This lasted for a few minutes until I got angry at myself for thinking this way, got out of the saddle sprinted all out for 30 seconds to get the adrenaline firing, sprayed water across my face, essentially trying everything to snap out of this negative mindset. I cursed a couple times and then put every once of energy into the pedals to at least stay close to these guys so I would have a chance to real them in on the next climb or in case they blew up or mechnicaled. Going through the last feed the gap was still around the same, with 15 km left to go it wasn’t looking very bright but once I hit the legendary 5 pt climb everything changed as I looked up 3 switchbacks to see a labouring Kabush.
This lit a fire under my ass, catching him at the top was a huge rush and it quickly became evident he had blown through all his matches and was a very hurting man. Not too long after I started to catch glimpses of my teammate Kris which was suprising as we were going through a long singltrack section. This alerted me that he must also be running thin on matches and I told myself to just chill and not make any mistakes in the next bit of trails. After that there was about 4 km of fire road in the last 6km of the race which I was confident I would have the leg power to outride him at this stage of the race. Once on the fire road I caught up to Kris and charged past him. Getting about a minute gap on the small climb was just enough to allow me to cruise the last section of trail and then sprint home on an all time high of adrenaline and endorphins to defend my National title and earn the right to wear the Maple Leaf for another year!
If there was one race all year I wanted to win it was this one. With the shorter distance, technical course, and level of riders showing up to contest for the jersey there were a lot of question marks. If I started thinking about it too much it would’ve been easy to mentally lose the race before it started. Instead the lead up to the weekend was perfect which boosted the confidence that this thing was winnable if all the cards played out right and I had some luck. Too boot I had my Kona Hei Hei Supreme dialed in which was the perfect bike for the rough course.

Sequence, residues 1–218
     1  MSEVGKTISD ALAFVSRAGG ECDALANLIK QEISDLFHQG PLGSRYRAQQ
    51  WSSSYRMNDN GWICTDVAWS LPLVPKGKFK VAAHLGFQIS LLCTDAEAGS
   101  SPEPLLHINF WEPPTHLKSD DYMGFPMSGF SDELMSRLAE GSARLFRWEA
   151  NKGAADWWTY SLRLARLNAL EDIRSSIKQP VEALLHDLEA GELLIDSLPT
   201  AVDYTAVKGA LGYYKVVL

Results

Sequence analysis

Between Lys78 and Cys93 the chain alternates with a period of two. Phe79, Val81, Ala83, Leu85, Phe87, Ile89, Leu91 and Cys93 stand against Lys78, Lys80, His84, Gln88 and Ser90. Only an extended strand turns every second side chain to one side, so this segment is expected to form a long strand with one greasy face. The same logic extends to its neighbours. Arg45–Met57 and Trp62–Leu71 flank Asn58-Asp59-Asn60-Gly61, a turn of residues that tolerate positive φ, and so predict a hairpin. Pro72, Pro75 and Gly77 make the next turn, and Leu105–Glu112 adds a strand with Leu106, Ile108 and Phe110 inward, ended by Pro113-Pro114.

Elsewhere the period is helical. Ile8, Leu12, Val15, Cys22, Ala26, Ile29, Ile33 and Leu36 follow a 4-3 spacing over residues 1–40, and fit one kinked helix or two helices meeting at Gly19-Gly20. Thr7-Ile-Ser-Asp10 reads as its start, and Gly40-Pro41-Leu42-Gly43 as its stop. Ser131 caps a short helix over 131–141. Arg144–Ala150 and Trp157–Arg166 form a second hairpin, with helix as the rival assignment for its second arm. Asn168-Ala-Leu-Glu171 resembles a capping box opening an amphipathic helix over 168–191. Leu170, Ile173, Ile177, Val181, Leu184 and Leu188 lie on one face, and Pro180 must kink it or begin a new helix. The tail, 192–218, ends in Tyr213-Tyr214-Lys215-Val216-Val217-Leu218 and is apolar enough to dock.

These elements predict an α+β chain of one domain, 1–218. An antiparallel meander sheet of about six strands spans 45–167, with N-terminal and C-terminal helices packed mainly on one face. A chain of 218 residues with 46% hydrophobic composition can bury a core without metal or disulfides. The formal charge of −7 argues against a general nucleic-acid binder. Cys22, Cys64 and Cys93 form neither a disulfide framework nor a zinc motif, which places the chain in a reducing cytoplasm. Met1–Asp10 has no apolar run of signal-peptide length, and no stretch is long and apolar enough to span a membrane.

Growing up Kabush was a rider I looked up to as he was always down to earth, approachable, stood for clean racing and hauled ass! Too this day I have the upmost respect for him, for what he has accomplished and for going through the dark doping era as what seems to be one of the few clean riders who was at the top. He pushed through this dark time in the sport and to this day has been dominating the North American racing scene and preaching the “Race Clean ideology.” It was hard having him sit on conserving his energy in this race and then having him launch a massive attack, but that’s bike racing and Kabush is well known for being one of the wisest most tactical racers out there. Luckily Kris and I had a plan coming in and stuck too it. It worked out great for both of us and it was a full team effort to finish 1-2 again this year once the dust settled. It was the same picture last year as Kris and I road away from the field working together to build a massive lead and then opted to sprint it out. It’s a bummer there can’t be two winners in some races but when it comes down to business we both know we will play fair and fight it down to the line once we have tried to work over the rest of the field.
After the race we had big plans to head up to Whistler to watch the finale of CrankWorx but after the dust settled it seemed wiser to chill around Squamish for the evening to let the day soak in over a couple ciders and another peaceful night in the woods. The rest of the weekend was rad going on cruisy spin with the Balance point crew, burgers in Whistler with Neal Kindree, a trip to Kona USA to re-supply for the next round of races, a night with Dik and his family in North Van, a North Shore ride and then a nice boat cruise back to Victoria to recharge for some fall time adventures oversees!
Huge thanks to Ryan Edwards, Ruedi Schnyder, and Spencer Paxson for the feed zone support.